Such is the scenario recently presented to a national sample of Americans by Harvard University researchers ....
First, respondents were told to imagine that some residents of their town had become ill from what was believed to be inhalation anthrax, that some had died, and that many more lik... Read More
Research by scientists at the University of Missouri Center for Agroforestry suggests that buffer strips of grasses and other plants can trap and break down veterinary antibiotics in manure fertilizers.
Buffer strips have already demonstrated that they can be effective in protecting water qua... Read More
How many of you run into problems of false- positive PCR or lack of sensitivity in qPCR when trying to use 16S primers because of the background genomic DNA in your PCR enzyme mixes? At MO BIO Labs, we do.
This article is a review of a new paper in the Journal of Microbiological Methods (Novem... Read More
A common bacteria found in many healthy adult females that can cause life-threatening infections when passed to newborns could be introduced to some women through frequent contact with cows, according to a research team led by a Michigan State University pediatrician.
The recently published f... Read More
Nestle chocolate morsels made in Wisconsin have tested positive for salmonella, according to a company spokeswoman.
This news follows a statement from the company in January that it again found a potentially fatal bacteria in its Toll House cookie dough.
There was no outbreak -- or recall ... Read More
Researchers at Washington University School of Medicine have found that the antibiotic Kanamycin (KM), which was previously believed to damage ears, actually has a protective effect against hearing loss in young mice when used in low doses.
KM is an antibiotic used to isolate bacteria and tre... Read More
Wrapping up one of its most vexing investigations, the FBI concluded that Army scientist Bruce Ivins acted alone in the 2001 anthrax mailings that killed five people and further unnerved a nation still reeling from the 9/11 attacks.
The agency formally closed the case Friday, ending the long... Read More
Corals around the world, already threatened by pollution, destructive fishing practices and other problems, are also widely regarded as among the ecosystems likely to be first — and most — threatened with destruction as earth’s climate warms.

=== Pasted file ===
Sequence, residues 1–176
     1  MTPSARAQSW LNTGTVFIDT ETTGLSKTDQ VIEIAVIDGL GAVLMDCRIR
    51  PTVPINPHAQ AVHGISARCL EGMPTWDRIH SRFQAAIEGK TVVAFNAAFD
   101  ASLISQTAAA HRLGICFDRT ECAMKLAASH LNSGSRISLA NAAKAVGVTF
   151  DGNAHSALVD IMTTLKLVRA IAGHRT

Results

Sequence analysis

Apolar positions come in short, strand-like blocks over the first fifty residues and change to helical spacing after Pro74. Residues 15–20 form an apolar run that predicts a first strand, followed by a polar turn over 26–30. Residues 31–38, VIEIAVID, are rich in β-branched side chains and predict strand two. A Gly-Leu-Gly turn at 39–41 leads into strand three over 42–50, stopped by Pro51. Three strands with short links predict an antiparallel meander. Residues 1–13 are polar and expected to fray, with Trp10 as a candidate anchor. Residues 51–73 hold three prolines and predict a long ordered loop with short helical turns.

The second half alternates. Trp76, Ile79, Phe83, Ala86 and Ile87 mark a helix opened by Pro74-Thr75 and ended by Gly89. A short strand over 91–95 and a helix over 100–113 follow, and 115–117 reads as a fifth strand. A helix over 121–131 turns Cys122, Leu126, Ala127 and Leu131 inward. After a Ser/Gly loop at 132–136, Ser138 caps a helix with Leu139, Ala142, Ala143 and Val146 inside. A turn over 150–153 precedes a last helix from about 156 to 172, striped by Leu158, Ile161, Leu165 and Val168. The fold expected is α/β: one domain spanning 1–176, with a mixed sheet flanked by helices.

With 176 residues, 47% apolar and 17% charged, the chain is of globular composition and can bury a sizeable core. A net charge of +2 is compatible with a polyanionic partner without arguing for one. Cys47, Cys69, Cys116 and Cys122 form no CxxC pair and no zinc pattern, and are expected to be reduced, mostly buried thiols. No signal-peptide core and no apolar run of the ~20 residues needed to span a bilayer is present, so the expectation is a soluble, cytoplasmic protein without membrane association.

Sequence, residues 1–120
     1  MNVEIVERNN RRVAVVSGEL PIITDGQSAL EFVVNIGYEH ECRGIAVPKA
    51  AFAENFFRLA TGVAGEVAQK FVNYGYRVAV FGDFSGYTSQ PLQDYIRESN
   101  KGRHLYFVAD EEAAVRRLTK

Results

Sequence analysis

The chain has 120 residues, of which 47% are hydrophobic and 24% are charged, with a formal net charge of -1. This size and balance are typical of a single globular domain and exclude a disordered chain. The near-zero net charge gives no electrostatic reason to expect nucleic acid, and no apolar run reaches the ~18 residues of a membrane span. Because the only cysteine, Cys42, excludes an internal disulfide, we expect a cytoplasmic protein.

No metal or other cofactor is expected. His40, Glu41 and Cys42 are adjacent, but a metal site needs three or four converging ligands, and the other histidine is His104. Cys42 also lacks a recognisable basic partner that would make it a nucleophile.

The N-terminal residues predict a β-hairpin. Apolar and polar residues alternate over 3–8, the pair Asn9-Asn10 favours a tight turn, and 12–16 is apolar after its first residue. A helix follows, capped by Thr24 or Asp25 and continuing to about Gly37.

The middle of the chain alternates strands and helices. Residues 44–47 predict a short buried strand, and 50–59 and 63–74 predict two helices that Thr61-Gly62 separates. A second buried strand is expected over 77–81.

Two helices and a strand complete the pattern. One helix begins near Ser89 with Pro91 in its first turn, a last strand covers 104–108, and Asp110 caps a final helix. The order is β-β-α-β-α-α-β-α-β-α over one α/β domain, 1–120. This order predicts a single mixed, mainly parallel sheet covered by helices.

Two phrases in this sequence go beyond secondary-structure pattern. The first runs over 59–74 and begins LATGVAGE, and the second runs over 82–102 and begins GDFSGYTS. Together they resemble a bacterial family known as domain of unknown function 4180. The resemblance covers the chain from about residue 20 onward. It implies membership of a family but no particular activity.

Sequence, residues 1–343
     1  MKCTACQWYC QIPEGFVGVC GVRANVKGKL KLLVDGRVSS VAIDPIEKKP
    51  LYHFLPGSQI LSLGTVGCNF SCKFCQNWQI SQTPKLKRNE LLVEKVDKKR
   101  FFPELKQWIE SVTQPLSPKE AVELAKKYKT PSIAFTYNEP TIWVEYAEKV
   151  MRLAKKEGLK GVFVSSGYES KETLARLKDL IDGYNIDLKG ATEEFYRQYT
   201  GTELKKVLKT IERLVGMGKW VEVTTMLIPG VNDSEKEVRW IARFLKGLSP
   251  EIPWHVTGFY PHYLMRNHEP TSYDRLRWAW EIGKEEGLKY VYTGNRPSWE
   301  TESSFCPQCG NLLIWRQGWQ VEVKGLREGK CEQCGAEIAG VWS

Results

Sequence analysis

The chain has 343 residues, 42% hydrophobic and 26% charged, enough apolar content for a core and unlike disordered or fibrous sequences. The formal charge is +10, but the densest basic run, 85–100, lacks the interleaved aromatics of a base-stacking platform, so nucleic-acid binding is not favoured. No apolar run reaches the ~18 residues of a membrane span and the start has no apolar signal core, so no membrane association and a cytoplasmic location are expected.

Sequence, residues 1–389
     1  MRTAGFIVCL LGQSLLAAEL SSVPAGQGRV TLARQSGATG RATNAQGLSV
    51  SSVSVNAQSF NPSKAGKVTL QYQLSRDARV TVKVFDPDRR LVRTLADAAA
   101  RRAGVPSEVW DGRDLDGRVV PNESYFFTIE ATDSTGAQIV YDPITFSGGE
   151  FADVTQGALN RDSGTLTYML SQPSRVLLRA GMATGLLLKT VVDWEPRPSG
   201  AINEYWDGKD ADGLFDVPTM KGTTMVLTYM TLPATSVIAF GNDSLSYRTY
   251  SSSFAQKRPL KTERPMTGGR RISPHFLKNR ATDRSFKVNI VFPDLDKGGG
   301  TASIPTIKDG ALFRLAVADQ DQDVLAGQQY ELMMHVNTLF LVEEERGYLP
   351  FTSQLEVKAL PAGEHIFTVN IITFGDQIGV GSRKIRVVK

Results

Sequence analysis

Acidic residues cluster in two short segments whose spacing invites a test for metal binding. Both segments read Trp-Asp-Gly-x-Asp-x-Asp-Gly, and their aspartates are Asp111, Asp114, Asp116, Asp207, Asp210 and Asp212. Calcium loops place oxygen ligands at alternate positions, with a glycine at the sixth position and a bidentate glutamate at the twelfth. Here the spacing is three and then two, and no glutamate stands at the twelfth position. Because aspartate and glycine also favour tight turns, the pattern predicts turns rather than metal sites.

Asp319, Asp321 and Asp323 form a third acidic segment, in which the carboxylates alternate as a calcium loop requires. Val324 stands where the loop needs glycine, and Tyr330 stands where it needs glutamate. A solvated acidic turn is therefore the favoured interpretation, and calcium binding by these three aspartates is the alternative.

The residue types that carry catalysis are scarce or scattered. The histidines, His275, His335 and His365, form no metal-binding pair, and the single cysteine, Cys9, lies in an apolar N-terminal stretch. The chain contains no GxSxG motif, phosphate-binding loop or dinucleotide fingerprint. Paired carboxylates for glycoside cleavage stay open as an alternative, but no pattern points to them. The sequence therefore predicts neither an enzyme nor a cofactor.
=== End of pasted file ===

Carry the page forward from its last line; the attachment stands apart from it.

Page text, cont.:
But there is reason to hope, researchers are repor... Read More
A company is planning to inject people with an HIV vaccine made of the deadly virus itself, albeit a deactivated version.
Vaccines against many viruses, including flu, are made from deactivated versions of those viruses, but such an approach was previously dismissed as too risky in the case o... Read More
Small Things Considered blogger Merry Youle has authored a post on the sequencing of Roseovarius nubinhibens. a bacterium that recently joined the group of about a thousand bacteria whose genomes have been sequenced. Researcher José González and colleagues in Mary Ann Moran's lab at the Universi... Read More
British researchers have devised a way to capture vaccines in a glass-like membrane composed of sugar, a feat that could eliminate the need for refrigeration of vaccines and revolutionize their distribution in the developing world. Tests have shown that the technique can preserve vaccines for as... Read More
A team of biologists has unraveled the biochemistry of how bacteria so precisely time cell division, a key element in understanding how all organisms from bacteria to humans use their biological clocks to control basic cellular functions.
The discovery, detailed in the February 19 issue of th... Read More
In a finding that bodes well for the development of new human antibiotics, Harvard researchers have determined the identity of the trigger that causes roundworm bacteria to excrete virulent substances.
Harvard Medical School Professor Jon Clardy teamed with researchers in the department of bi... Read More
When a bacterium evolves resistance to a particular antibiotic, it's problematic. When it evolves defenses against antibiotics in general, as Pseudomonas aeruginosa has done, it's terrifying. But now researchers have devised an antibiotic that attacks the germ in a completely new way that appear... Read More
Since our most popular article of all time (“The Basics: How Ethanol Precipitation of DNA and RNA Works”) was published, many Bitesize Bio readers have asked us to further explain the difference between precipitating DNA with ethanol vs. isopropanol and which is the better choice. This article d... Read More
The American Society for Microbiology, the National Foundation for Infectious Diseases (NFID), and other leading medical and health organizations agree that pneumococcal immunization rates among adults need to be improved to reduce the impact of pneumococcal illness and death in this population.... Read More
Influenza doesn't kill, though it can damage the lungs. Instead, it's the secondary infections that come in its wake, things like bacterial pneumonia and pneumococcal infections, that take lives.
Now researchers at Yale University School of Medicine in New Haven have discovered that the pr... Read More
Michigan State University announced today that it was awarded a $25 million grant from the National Science Foundation to establish a center, bringing together scientists from across the nation to study evolution in action in both natural and virtual settings.
MSU has been awarded one of five... Read More
Oncogenic retroviruses are a particular family of viruses that can cause some types of cancer. Thierry Heidmann and his colleagues in the CNRS-Institut Gustave Roussy-Université Paris Sud 11 "Rétrovirus endogènes et éléments rétroïdes des eucaryotes supérieurs" Laboratory have studied these viru... Read More